A diverse evening of entertainment energized Troy on Wednesday as Maggie Mayday and Run Run Run joined The Bravery in Revolution Hall. In a show that highlighted Revolution Hallís excellent sound and lighting quality, Run Run Run in particular delivered a stunning performance which, if hampered somewhat by slight under-attendance, certainly cast the spotlight of the evening on a band which is no doubt slated for an exciting career.
Maggie Mayday opened the evening with a set of their signature retro powerpop tunes. Hailing from Albany, this local trio has a tight sound held together by solid rhythm work, John Brodeurís razor-smooth vocals and songwriting, and of course the occasional emotive guitar solo. Jenn McCarron had a particularly charismatic evening, punching out bass lines with an energy that the crowd would have done well to match, tossing her hat off the stage mid-song and engaging in fun banter with the audience between songs. Although this was the first time Iíve seen this band live, I guarantee that it wonít be the last.
I wasnít previously familiar with Run Run Run, but after watching them dominate the stage on Wednesday night, Iím sure that their period of relative obscurity will soon come to an end. Decked out in dark clothes, shaggy hair and a bad-ass demeanor, this Los Angeles band seemed to be shooting for (and pulling off) the ethos of Aiden if they miraculously started sounding good. Spot-on renditions of various tracks from their debut CD, ďEndless Winter,Ē perfectly complimented their imposing stage presence and the incredible lighting effects that Revolution Hall effortlessly pulled off. Epic strobe lights in a nearly dark performance area were orchestrated for maximum effect, further lending to the general feel of polish and professionalism that accompanied this splendid performance.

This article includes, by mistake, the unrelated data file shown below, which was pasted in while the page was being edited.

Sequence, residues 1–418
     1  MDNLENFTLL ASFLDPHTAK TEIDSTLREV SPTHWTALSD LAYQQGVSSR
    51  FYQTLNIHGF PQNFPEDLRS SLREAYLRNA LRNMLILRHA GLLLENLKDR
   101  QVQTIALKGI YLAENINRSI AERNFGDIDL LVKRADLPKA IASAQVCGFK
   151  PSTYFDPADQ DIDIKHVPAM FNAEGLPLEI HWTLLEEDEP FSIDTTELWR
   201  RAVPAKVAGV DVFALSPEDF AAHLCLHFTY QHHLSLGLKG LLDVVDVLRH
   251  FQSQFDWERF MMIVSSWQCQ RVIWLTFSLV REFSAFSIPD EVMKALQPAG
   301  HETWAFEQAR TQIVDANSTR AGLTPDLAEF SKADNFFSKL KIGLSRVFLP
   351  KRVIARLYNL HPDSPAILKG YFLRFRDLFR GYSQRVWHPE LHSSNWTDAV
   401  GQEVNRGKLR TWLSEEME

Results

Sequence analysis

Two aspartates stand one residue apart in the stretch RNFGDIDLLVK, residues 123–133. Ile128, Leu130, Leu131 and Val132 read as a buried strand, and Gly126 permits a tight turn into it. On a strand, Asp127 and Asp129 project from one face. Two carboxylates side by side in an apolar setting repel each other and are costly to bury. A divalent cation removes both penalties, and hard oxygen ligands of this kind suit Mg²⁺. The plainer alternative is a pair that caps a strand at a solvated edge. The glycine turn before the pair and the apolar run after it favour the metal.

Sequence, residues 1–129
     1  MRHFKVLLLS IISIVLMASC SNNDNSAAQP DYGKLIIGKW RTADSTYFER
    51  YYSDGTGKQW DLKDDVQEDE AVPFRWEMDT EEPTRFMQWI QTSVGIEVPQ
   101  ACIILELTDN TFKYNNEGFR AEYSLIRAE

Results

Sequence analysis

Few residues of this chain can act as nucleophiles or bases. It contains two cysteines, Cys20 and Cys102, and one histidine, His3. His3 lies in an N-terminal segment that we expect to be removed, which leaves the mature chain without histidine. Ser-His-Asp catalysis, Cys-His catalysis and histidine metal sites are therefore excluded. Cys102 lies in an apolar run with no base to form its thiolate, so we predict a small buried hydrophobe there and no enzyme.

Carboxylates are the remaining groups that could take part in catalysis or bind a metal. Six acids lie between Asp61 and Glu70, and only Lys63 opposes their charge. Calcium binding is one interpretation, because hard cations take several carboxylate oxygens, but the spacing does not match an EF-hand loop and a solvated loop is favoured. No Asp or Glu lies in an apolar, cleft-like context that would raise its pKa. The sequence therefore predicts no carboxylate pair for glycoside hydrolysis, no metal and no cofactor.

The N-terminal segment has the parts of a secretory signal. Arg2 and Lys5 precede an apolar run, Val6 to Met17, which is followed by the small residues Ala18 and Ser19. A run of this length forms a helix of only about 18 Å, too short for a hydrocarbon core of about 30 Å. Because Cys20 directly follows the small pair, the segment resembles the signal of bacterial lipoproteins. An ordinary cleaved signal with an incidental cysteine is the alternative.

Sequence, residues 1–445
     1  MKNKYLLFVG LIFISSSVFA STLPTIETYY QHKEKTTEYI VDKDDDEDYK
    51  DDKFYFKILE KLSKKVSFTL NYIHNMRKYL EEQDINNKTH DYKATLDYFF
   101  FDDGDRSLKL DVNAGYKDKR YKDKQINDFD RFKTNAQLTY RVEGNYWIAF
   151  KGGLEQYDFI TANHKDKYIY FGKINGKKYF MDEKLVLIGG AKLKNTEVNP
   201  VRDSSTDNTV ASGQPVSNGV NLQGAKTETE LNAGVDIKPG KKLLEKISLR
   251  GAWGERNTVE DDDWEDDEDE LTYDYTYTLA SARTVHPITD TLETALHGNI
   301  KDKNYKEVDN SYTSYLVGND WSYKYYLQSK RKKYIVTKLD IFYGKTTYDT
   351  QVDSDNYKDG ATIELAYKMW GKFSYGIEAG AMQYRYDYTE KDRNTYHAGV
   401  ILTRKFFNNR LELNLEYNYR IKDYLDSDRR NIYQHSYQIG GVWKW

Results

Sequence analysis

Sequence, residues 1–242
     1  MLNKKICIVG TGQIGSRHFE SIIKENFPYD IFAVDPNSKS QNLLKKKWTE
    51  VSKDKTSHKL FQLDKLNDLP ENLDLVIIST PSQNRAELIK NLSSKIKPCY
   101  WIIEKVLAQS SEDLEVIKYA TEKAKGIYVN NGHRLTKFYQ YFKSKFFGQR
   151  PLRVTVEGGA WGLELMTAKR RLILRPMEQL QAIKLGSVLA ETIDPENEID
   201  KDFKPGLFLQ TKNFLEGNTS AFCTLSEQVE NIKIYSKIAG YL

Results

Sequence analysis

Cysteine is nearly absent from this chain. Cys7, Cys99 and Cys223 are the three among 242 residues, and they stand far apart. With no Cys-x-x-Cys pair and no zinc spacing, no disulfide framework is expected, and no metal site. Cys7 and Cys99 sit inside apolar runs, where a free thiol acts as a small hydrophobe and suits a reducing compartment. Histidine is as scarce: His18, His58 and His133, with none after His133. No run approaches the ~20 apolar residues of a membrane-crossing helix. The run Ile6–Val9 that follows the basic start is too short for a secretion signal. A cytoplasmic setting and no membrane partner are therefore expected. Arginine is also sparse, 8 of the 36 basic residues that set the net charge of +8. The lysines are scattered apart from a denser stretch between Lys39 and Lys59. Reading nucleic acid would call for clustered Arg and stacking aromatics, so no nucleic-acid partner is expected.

Iím not much of a fan of the synthy, The Killers-esque style capitalized upon by The Bravery, but itís difficult to imagine anybody being terribly impressed with their performance this particular night. I can hardly complain about the sound or lighting quality (although the folks at Revolution Hall are primarily to be complimented for this) but the attitude of the band was absolutely abhorrent. Frontman Sam Endicott certainly engaged in some entertaining antics, but his conduct was egotistic to a horrible degree, even for a so-called ďrock star.Ē The practiced nature of his obnoxious prancing around with the microphone stand stood in stark contrast to the general feel-good style of the indie rock scene. His energy, like that of the whole band, was undeniableóhe must have broken eight guitar stringsóbut the performance was tainted by his out of taste antics, as he made fun of the opening bands and continuously spat on the stage. When he repeatedly lampooned Maggie Mayday for the alliteration of their name, the loss of respect among the audience was almost tangible.
Run Run Run and Maggie Mayday delivered excellent performances that delighted all present, but The Bravery suffered for their callously caustic attitude which was way out of place at such an indie venue. Both opening bands showed certain signs of burgeoning forces to be reckoned with, but despite musical adequacy, The Bravery were a disappointment to all but the very most dedicated of fangirls.